The final section, Writings of Others, contains background material on such topics as national health insurance, A Physio-Chemical Introduction to General Chemistry, and Speaking of Peace.

Series III, PERSONAL PAPERS, is housed in Boxes 20-21, folders 433-469. It contains thirteen folders of chronologically arranged correspondence, eighteen folders of material on John P. Peters, four on other family members, and two on miscellaneous subjects.

Three major groups of letters are found in correspondence. From 1933 to 1942, the major correspondents are John F. Fulton, Sterling Professor of Physiology 1931-1951, and his wife Charlotte Hodge Peters, who was librarian to Dr. Fulton 1933-1943 (folders 433-437). The letters written when Dr. Fulton was away from New Haven give news of the department and mutual acquaintaces, discuss manuscripts and publications, and tell of books received and catalogued on the history of medicine and surgery. Secondly, there are a series of letters of condolence addressed to Mrs. Peters following the death of her husband on December 29, 1955 (folders 438-441). Most of the remaining letters concern the disposition of the papers of John P. Peters. The correspondents are son John H. Peters, daughter Alice Peters Irwin, John R. Fulton, and Madeline Stanton, librarian of Historical Collections, Yale School of Medicine 1949-1968. In addition, Series III includes such things as biographical sketches, birthday celebrations, World War I military records, obituaries, and photographs of John P. Peters. There are also single folders on his father John Punnett Paners (1852-1921), his daughter Alice Peters Irwin, and two folders concerning Charlotte Hodge Peters.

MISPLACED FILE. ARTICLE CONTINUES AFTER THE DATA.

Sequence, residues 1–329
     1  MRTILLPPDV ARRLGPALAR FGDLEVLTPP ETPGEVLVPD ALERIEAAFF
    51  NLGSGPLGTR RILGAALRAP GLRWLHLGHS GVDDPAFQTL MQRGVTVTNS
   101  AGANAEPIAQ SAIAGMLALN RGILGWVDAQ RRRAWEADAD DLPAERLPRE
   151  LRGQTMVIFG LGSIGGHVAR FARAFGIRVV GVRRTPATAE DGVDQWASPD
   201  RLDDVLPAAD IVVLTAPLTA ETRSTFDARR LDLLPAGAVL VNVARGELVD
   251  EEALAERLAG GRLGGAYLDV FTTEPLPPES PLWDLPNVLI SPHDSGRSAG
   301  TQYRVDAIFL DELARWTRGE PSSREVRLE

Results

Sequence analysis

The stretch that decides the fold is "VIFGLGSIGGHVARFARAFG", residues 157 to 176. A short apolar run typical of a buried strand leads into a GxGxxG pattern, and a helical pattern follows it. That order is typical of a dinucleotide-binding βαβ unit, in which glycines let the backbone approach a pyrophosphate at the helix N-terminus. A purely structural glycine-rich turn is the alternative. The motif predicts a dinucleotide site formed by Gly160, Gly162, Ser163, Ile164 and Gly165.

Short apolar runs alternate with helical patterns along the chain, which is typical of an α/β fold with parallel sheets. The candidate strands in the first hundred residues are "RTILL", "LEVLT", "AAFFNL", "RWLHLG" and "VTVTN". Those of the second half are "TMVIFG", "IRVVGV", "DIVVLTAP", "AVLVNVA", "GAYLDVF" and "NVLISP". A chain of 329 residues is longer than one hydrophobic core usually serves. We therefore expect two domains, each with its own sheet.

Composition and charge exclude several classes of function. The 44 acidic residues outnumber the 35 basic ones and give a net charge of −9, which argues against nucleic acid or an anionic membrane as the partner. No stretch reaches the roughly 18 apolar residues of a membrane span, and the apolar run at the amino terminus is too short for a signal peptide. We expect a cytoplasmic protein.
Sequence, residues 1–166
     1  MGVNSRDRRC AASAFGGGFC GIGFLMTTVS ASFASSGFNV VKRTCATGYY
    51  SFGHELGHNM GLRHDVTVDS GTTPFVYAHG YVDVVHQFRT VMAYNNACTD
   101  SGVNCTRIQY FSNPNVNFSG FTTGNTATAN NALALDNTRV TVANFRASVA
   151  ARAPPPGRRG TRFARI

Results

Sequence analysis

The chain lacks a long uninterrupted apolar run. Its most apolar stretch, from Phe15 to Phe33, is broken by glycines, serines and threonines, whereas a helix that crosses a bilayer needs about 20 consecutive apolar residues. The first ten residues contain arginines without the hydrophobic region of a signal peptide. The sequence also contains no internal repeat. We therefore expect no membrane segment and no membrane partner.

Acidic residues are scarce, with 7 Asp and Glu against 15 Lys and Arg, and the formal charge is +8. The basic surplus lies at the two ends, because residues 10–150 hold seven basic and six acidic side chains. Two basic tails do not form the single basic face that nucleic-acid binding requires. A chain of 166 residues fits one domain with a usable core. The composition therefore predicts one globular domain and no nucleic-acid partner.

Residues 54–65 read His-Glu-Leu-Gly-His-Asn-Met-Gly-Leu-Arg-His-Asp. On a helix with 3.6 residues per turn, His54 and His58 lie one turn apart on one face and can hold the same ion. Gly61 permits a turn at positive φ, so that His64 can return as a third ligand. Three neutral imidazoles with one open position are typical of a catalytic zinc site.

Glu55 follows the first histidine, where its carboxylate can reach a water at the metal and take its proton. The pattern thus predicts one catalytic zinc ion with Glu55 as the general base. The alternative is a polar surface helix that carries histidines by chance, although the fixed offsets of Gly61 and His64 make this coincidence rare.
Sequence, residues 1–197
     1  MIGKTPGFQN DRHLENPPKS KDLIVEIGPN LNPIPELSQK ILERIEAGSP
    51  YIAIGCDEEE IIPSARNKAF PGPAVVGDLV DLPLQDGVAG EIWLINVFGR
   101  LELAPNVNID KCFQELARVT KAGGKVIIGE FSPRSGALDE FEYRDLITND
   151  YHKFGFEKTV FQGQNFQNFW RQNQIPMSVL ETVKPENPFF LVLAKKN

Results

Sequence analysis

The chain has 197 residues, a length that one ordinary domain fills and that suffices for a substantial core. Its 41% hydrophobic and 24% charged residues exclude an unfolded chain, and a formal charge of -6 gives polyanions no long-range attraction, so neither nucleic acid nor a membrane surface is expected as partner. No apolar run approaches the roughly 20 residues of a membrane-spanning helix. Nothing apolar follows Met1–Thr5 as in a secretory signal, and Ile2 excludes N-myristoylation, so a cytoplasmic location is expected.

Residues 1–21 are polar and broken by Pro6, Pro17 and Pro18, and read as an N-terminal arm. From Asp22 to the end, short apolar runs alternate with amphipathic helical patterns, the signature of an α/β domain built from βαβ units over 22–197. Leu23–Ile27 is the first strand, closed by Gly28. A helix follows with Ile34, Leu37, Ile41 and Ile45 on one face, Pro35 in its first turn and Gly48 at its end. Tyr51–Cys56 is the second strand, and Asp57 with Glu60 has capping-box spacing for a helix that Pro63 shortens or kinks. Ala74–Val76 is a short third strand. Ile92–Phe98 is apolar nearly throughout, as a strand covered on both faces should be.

Series IV, CASE FILES, is found in Boxes 22-25. Two boxes contain diabetes medical records and two have files on other diseases. These records are closed until 2025.

The John Punnett Peters Papers provide a great deal of useful documentation on the research interests and publications of Dr. Peters, his concern for national health insurance, and his involvement in liberal causes. The Papers do not, however, contain personal correspondence among family members and there is almost no information describing the duties of Peters at the Yale School of Medicine.

The John Punnett Peters Papers were donated to Yale University in 1983 by Alice Peters Irwin. For additional Peters material, see the Edward R Weinerman Papers, Ms. Gr. No. 692 and C.- E. A. Winslow Papers Ms. Gr. No. 749.

Conditions Governing Access

While this collection as a whole is available for research, parts of it may be restricted. Any restricted will be noted as such.

Conditions Governing Use

Copyright for unpublished materials authored or otherwise produced by John Punnett Peters has been transferred to Yale University. These materials may be used for non-commercial purposes without seeking permission from Yale University as the copyright holder. For other uses of these materials, please contact

Copyright status for other collection materials is unknown. Transmission or reproduction of materials protected by U.S. Copyright Law (Title 17, U.S.C.) beyond that allowed by fair use requires the written permission of the copyright owners. Works not in the public domain cannot be commercially exploited without permission of the copyright owners. Responsibility for any use rests exclusively with the user.

Immediate Source of Acquisition

Gift of Alice Peters Irwin, 1983, 1991, and 1993; Dr. Richard M. Peters, 1985, 1986, 1991, 1998, and 2005; and Peters Family 1991 Trust, 2006. Gift of Jonathan A. Bressler, 2007.


Arranged in four series and nine additions: I. Professional Papers, 1909-1956. II. Writings, 1921-1961. III. Personal Papers, 1914-1973. IV. Case Files, 1922-1952.

18 Linear Feet
Related Names
Peters, John P. (John Punnett), 1887-1955
Language of Materials